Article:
Please Note: This Article is 3 years old. This increases the likelihood that some or all of it's content is now outdated.

Landlord Confidence KEY to Possession Reforms:

SECTION 21 repossessions should be retained in the private rented sector unless and until a new system is in place that provides landlords with the same level of confidence  about repossessing properties in legitimate circumstances.

Groups representing landlords and letting agents forming a ‘Fair Possessions Coalition’ have united in warning that plans to abolish Section 21 repossessions without a new system in place would undermine investment in the sector at a time when private landlords are relied upon on to provide homes for one in five households in England.

In a statement the Coalition notes that whilst landlords much prefer to have good tenants staying long term in their properties they need certainty that in legitimate circumstances, such as tenant rent arrears or anti-social behaviour, they can swiftly and easily repossess their properties in much the same way as social landlords and mortgage lenders.

It is argued that the current ‘Section 8’ process, under which landlords can repossess properties based on a number of grounds, is not fit for purpose and does not provide the level of certainty offered by Section 21.The current judicial process for dealing with possession cases is confusing for tenants and takes an average of over five months from a landlord applying to the courts for a property to be repossessed to it actually happening.

Instead of tinkering with the system, the Coalition calls for a comprehensive overhaul of the regulations and processes enabling landlords to repossess their properties. It should lay out clear grounds for repossession that are unable to be exploited by criminal landlords or unreliable tenants.

Linked to the reform should be the establishment of a new, dedicated, fully funded housing court. This should make better use of mediation taking into account models in use abroad and meet in local venues such as schools and community centres, making the process less intimidating and easier for landlords and tenants to obtain the swift and accessible justice they need if the relationship is to work effectively.

The Coalition argues that such reforms must form part of a wider package of measures including welfare reforms to better support vulnerable tenants to sustain tenancies and smart taxation to encourage the development of the new homes for private rent the country needs.

The Fair Possessions Coalition is made up of: ARLA Propertymark; Cornwall Residential Landlords Association; Country Land and Business Association; East Midlands Property Owners; Eastern Landlords Association; Guild of Residential Landlords; Humber Landlords Association; iHowz; Landlord Action; Leeds Property Association; National Landlords Alliance; National Landlords Association; North West Landlords Association; Portsmouth and District Private Landlords’ Association; Residential Landlords Association; Safe Agent; South West Landlords Association; and Theresa Wallace (Chair, The Lettings Industry Council)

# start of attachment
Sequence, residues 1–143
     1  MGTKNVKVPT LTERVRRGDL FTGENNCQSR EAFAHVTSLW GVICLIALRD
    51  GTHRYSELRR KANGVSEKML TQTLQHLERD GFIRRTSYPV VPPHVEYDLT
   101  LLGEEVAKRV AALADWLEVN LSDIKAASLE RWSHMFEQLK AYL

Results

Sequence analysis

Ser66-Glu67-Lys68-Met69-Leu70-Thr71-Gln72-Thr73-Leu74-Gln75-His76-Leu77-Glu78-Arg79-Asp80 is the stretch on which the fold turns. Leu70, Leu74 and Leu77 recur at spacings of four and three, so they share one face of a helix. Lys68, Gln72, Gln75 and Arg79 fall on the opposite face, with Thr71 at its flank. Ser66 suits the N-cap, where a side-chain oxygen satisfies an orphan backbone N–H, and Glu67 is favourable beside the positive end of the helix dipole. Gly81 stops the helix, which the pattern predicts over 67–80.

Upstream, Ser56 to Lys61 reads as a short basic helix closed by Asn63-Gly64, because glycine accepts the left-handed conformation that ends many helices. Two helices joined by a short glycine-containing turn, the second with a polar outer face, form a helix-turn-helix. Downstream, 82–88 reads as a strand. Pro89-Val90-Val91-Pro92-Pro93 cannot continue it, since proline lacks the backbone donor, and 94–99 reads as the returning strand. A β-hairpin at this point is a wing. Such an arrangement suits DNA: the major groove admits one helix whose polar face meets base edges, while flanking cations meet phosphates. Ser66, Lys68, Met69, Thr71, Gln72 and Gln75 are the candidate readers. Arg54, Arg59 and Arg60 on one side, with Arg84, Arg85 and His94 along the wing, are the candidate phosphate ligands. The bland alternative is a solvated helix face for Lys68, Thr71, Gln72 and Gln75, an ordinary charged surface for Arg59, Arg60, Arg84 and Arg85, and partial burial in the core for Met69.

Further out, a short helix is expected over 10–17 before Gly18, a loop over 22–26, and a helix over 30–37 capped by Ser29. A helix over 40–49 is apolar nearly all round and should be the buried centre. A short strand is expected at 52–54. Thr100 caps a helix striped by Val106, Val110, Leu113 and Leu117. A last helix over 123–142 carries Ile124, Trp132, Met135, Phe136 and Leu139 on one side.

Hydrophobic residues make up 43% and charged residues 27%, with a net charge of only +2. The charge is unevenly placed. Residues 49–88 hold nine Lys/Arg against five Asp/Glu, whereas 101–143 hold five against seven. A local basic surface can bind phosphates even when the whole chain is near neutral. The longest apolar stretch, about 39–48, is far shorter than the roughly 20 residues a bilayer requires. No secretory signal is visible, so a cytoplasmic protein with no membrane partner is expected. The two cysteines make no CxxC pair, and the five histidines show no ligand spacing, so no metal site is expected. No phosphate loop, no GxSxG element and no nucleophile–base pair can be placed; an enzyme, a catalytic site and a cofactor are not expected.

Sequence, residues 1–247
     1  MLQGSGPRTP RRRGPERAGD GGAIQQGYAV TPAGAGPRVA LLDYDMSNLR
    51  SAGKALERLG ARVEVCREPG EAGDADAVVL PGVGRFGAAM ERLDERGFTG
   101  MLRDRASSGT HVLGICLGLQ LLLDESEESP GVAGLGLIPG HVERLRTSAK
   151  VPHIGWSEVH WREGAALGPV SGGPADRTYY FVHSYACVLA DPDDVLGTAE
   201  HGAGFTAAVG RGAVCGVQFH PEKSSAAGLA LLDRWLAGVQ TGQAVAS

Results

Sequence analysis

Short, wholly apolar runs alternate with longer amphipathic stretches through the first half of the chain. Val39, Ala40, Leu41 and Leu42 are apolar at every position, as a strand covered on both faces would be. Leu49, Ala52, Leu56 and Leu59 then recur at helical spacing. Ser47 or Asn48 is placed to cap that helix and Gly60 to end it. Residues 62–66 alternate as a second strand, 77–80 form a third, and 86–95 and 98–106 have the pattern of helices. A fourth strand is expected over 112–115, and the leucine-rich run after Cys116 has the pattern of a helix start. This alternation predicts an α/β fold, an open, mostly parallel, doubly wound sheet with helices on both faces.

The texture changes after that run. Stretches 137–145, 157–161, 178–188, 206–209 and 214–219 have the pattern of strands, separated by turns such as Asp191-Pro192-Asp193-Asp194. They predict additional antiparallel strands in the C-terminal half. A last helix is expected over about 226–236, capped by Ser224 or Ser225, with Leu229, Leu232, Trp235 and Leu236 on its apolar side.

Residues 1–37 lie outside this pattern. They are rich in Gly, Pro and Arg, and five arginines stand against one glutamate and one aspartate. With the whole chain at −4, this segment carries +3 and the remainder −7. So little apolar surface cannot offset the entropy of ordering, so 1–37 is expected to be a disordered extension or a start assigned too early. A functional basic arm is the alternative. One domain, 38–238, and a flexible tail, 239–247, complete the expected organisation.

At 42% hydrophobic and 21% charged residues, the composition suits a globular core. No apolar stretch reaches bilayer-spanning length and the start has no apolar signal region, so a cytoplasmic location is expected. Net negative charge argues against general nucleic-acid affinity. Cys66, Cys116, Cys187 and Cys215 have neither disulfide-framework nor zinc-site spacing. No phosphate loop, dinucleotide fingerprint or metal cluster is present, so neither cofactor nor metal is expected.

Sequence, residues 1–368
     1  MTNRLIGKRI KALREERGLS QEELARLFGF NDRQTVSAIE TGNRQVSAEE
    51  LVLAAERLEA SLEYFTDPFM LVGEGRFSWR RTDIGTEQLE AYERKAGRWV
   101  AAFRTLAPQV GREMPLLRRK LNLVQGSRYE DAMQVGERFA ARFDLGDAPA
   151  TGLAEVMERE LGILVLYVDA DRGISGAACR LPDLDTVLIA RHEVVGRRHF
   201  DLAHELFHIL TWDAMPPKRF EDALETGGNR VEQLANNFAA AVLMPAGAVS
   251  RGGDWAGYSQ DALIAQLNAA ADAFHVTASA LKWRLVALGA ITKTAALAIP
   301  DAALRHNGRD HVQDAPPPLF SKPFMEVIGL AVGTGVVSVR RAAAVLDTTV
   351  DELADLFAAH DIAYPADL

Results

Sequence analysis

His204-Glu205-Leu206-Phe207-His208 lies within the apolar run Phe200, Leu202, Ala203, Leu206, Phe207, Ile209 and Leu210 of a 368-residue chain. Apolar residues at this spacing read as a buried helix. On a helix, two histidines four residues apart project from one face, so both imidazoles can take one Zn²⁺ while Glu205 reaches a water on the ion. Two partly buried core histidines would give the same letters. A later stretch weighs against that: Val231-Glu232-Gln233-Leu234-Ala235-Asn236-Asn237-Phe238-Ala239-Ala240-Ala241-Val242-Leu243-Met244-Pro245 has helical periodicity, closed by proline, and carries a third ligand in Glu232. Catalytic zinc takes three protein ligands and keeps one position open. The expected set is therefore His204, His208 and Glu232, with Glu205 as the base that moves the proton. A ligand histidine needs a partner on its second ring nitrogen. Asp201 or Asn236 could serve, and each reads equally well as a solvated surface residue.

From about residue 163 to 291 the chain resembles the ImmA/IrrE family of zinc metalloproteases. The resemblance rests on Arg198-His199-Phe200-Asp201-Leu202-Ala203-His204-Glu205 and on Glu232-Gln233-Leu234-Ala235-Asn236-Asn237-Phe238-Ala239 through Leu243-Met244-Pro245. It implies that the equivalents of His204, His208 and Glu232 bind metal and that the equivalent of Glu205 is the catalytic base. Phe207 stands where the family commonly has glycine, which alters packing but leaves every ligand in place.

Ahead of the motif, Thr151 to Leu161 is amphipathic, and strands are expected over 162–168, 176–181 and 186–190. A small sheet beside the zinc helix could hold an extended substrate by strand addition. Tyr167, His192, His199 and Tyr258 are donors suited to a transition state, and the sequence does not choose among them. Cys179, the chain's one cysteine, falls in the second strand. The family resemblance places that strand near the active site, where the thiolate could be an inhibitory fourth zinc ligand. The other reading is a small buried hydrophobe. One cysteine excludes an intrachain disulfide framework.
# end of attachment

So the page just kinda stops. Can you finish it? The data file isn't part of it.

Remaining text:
Please Note: This Article is 3 years old. This increases the likelihood that some or all of it's content is now outdated.


  1. I was explaining to a neighbour of one of my rental properties that with these changes (abolition of S21) if I have a tenant causing anti social problems or drug dealing I would not have a quick easy route to remove them. That the courts would delay the process, ambulance chasing lawyers would come up with all kinds of defenses whilst court think about it. The costs of possession would rise and discourage me from taking any action. I further explained that it is not just the conservative party but labour party as well that want these changes. This is becuase of the fake information and over exaggerated news put out by certain so called charities that seem to run the so called policians nowadays. It is already having an impact as landlord leave the market and if you add to this the lunatic Corbyn proposals that landlord pay council tax and reduce rents by rent control why would any landlord want to stay in the market with a property/investments they can no longer control and cost them an arm and a leg whilst ROGUIE COUNCILS LIKE CROYDON AND SOON LEWISHAM with borough-wide licensing schemes (scheming being the appropriate term) plunder the income and drive up rents. All in the name of anti-social behaviour which these incompetent boroughs fail to control themselves in association with a useless underfunded police force who prefer the adrenalin of a car chase. At the same time insisting landlords deal with anti-social behaviour whilst removing the tools we have to do that. This world has become totally bonkers.


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